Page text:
Mint Companion Planting Guide: Best & Worst Plants to Pair

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Mint holds great potential as a companion plant for gardeners seeking natural pest control methods. Its strong scent repels numerous garden pests that can damage other plants in your garden. But be careful because mint can spread quickly and take over other plants. If you manage it well, mint companion planting can help create a garden that is resistant to pests.

What grows well with mint? Mint grows well with vegetables such as tomatoes, peppers, cabbage, broccoli, carrots, and onions, as it is a natural insect repellent. However, it is advisable to plant mint in containers due to its rapidly spreading nature to prevent it from overtaking your garden.

Mint Invasion: A Cautionary Tale

Mint, though favored by many gardeners, can quickly become invasive without proper management. This cautionary tale highlights the importance of containing mint, the issues unchecked mint growth presents, and practical ways to keep it under control.

The Menace of Mint Roots

Mint roots have a remarkable ability to spread rapidly underground, sending out new shoots and taking hold of your garden. If left unchecked, these roots can infiltrate nearby plant beds, choking out other vegetation.

Mint roots can be invasive in the garden

My Battle with Mint

When I first moved into my current residence in Minnesota a bit over a decade ago, I was pleasantly surprised to find a small spearmint patch coming up in the garden that first spring. I’d never grown mint before, so I was eager to try growing it. To my displeasure, the mint patch quickly took over the neighboring herbs.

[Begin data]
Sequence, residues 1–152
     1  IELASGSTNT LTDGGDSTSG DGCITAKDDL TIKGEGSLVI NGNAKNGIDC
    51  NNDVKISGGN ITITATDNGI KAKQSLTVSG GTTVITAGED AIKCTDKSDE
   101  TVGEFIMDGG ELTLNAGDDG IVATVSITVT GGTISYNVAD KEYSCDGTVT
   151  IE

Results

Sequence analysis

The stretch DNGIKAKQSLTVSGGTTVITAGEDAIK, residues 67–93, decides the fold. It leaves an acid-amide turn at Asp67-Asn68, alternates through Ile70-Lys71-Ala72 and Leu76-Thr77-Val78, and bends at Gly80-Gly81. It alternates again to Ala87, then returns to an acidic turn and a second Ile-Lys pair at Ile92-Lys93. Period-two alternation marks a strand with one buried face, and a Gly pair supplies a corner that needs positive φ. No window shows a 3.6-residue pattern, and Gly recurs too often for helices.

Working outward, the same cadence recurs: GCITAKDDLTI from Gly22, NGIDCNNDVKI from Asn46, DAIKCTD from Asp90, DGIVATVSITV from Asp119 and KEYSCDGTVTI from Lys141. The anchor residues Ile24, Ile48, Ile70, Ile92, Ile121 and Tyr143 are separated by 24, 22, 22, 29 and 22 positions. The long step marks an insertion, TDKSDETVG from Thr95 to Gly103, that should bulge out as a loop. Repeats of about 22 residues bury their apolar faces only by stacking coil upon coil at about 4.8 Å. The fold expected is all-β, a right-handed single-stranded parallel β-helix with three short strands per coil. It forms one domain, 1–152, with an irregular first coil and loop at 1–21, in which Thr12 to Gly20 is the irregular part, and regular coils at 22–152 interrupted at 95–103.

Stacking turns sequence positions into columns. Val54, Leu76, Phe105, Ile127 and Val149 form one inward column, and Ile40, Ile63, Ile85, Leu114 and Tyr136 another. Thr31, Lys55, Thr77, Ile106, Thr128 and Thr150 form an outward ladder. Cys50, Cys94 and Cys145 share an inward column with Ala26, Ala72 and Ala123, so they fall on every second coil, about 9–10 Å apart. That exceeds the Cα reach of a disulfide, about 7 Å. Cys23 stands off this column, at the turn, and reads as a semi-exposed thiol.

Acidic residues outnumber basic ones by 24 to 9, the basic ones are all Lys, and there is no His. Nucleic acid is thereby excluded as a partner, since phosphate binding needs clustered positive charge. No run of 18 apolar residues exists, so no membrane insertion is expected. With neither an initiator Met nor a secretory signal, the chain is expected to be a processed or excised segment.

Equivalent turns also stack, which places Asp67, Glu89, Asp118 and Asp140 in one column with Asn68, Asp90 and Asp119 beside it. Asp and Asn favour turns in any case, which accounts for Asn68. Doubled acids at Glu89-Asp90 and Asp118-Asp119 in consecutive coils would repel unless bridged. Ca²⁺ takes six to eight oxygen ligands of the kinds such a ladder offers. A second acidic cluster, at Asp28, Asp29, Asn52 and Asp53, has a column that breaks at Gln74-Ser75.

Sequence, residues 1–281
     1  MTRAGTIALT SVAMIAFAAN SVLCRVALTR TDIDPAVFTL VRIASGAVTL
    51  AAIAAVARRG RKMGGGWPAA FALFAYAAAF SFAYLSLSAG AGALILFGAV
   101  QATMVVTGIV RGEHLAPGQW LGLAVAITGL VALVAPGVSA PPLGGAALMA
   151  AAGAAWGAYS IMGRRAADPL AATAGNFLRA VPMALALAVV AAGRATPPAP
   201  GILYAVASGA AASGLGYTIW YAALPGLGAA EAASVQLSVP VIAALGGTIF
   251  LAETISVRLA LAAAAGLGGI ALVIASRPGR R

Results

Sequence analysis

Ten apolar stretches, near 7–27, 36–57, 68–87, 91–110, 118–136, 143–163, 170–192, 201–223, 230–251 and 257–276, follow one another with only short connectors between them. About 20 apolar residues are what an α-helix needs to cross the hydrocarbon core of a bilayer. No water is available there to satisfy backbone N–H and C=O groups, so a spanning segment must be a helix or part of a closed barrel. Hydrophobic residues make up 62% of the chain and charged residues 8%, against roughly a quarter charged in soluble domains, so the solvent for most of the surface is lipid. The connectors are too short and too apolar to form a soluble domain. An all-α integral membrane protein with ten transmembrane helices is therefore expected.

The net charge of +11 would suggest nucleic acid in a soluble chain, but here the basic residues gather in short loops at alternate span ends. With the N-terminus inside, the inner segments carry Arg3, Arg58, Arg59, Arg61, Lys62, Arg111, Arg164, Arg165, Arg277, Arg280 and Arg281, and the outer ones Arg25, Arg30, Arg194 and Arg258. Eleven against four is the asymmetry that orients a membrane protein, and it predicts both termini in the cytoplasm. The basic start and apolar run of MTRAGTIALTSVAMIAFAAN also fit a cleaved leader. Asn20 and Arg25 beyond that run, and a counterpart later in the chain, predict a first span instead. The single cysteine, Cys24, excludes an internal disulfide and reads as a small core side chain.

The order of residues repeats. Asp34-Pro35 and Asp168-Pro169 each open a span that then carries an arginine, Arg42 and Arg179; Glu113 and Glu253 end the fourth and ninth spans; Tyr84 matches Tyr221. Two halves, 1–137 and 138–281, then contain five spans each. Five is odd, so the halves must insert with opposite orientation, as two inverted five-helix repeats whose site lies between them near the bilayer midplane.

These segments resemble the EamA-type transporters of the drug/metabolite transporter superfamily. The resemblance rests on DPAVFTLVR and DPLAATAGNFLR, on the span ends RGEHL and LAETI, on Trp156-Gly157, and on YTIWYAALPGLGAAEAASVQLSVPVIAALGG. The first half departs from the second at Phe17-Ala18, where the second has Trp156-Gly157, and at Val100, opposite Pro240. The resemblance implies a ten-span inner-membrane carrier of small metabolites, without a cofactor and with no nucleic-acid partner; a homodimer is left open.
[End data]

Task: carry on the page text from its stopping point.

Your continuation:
I was hopeful that our harsh Minnesota winters would help to suppress the mint from spreading, but that was not to be the case. The mint patch ended up taking over a far wider area the next year, and my attempts to manually weed it out of the garden were in vain, as the root runners were thick and well-established.

That fall, I put down several layers of thick cardboard over the entire mint patch and covered it with autumn leaves for the winter. I left it there for most of the next spring and didn’t remove it until early June. Thankfully, that did the trick. I no longer have mint in my garden. I now only ever grow mint in containers.

In summary, it was challenging for me to write this article about mint companion planting, as it was my initial instinct to state that nothing grows well with mint due to its invasive nature. However, Mint’s incredible insect-repelling properties warrant a second look at using various types of mint as garden companion plants.

Strategies for Taming Mint Growth

Implementing effective strategies to control its invasive tendencies is essential when growing mint in your garden.

  • Container Planting: Growing mint in containers is the most foolproof way to prevent its invasive tendencies. Use pots or raised beds to confine the roots and limit their ability to spread. Growing mint in containers is now the only way I ever grow mint.

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  • Root Barriers: Installing physical barriers, such as plastic edging or buried containers, can help restrict the underground spread of mint roots.

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  • Vigilance and Monitoring: Keep a close eye on any garden areas where mint has been planted. Act promptly if you notice any signs of spreading or encroachment into neighboring beds.